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OU football: QB Caleb Williams, five-star Sooners commit, has plan to become No. 1 pick in NFL Draft

Quarterback Caleb Williams is slated to be joining Oklahoma next summer. [GONZAGA COLLEGE HIGH SCHOOL via USA TODAY SPORTS]
Quarterback Caleb Williams is slated to be joining Oklahoma next summer. [GONZAGA COLLEGE HIGH SCHOOL via USA TODAY SPORTS]

Caleb Williams’ seven-step plan begins with reaching the next level of competition, which the five-star quarterback out of Washington, D.C., helped solidify with last week’s verbal commitment to Oklahoma.

Almost every recruit has a plan, though the length and width of this vision is almost always directly proportional to talent and recruiting hype. For Williams, “the most talented quarterback prospect to come from the Mid-Atlantic region in a decade,” per, the blueprint starts small.

Step one: Get to college. He’s scheduled to arrive on campus next summer, joining a quarterback room currently headlined by redshirt freshman Spencer Rattler, himself a former five-star prospect and the Sooners’ projected starter for this coming season.

Next, learn the playbook. Step three: Earn the respect of his teammates.

Then it begins to broaden. Step four: “Get the starting spot” with the Sooners, which would place Williams in a recent lineage that includes two Heisman Trophy winners, Baker Mayfield and Kyler Murray, and last year’s runner-up, Jalen Hurts.

Step five: Go win “a bunch of games” at OU, which has reached the College Football Playoff in each of its three seasons under coach Lincoln Riley but never advanced past the national semifinals, the latest trip a humbling, 63-28 loss to LSU in the Peach Bowl this past December.

After taking the penultimate step of graduating with his degree, Williams’ vision culminates at the NFL Draft — and not just in the draft but at its very top.

“That’s a goal of mine, to be the No. 1 pick in the draft,” he said. “That’s always been a goal. It’s pretty cool to be the No. 1 pick in the draft. If you can be, why not be?

“But if I’m not, I’m going to keep working, keep working hard at proving myself. First pick in the draft or not. Hopefully I make it there.”

He believes Oklahoma gives him the best chance to will this vision into existence. Mayfield and Murray topped the draft in 2018 and 2019, respectively. Hurts exceeded his pre-draft rating by landing with the Philadelphia Eagles in the second round of this April’s draft.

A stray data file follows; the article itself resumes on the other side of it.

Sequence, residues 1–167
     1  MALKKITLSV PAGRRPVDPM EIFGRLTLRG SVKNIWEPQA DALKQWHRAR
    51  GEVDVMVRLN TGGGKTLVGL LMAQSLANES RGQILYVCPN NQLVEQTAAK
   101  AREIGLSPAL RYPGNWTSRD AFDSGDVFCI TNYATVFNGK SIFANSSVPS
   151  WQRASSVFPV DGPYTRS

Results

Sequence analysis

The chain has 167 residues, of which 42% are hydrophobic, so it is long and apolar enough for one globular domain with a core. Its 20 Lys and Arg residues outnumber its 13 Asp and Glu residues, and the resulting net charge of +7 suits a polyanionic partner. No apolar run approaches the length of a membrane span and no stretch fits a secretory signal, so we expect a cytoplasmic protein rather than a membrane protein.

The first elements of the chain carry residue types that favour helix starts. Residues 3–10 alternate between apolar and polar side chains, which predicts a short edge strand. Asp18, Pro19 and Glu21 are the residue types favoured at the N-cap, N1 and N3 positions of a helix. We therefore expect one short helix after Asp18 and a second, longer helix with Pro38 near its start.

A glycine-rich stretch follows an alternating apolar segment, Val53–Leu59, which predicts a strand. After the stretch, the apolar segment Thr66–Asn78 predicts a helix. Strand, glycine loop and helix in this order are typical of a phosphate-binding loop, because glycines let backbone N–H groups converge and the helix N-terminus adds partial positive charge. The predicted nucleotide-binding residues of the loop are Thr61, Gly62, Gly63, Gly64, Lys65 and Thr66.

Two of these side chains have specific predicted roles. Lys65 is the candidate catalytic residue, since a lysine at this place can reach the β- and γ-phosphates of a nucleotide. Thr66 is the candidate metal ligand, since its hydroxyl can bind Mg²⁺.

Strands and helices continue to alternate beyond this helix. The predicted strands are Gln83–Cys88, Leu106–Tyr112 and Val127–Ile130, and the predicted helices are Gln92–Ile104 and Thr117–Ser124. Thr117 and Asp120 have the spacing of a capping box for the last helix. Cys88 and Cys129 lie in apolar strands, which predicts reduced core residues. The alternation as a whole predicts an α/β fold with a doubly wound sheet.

The versatility and adaptability of the Oklahoma offense was another draw. The Sooners haven’t finished lower than sixth nationally in scoring offense since 2015, when Riley arrived as offensive coordinator.

“Having that much in your arsenal is pretty deadly,” said Williams. “I think I can provide as a quarterback another tool in that tool kit.”

Each scheme across the Sooners’ past three starters has had either subtle or dramatic differences: Murray’s athleticism allowed Riley to add a deeper quarterback-run aspect to the playbook, while Hurts took that development a step further after transferring from Alabama for his final season.

“I can’t really say I’m similar to either one of those more than the other,” Williams said. “But when I watch the games on YouTube or with Coach Riley and I talking, I do see similar things that I do.

“Kyler is a little faster than me. I think I’m a little faster than Baker — pretty sure I’m faster than Baker. I think Kyler can throw a little deeper, I think.”

Williams chose OU over offers from nearly every major program in the Bowl Subdivision — including fellow finalist LSU, which could tout its only recent success under center — despite the presence of Rattler, the top-ranked passer in the 2019 recruiting cycle. While eligibility clocks are potentially subject to the state of this coming season, Rattler is projected to be a redshirt sophomore when Williams arrives on campus next summer.

That could leave Williams in a backup role for at least one season, a scenario that causes “a little sweat,” he admitted.

“If it doesn’t work out, it doesn’t work out. Then I’m down for a year, sitting there. If something bad happens, and hopefully it does not, and I’m not the starting guy — if something bad happens, and I hope it doesn’t — then I would try to step in and do my best. But if he has a good, successful year, I’ll be down for a year and that’s about it. And try to be the starter next year.”

But that’s not the plan.

“I know he’s there and everybody knows he’s there,” Williams said. “I’m going to go in and compete. I don’t plan on sitting. I don’t want to sit. I don’t know who would want to sit on the bench.”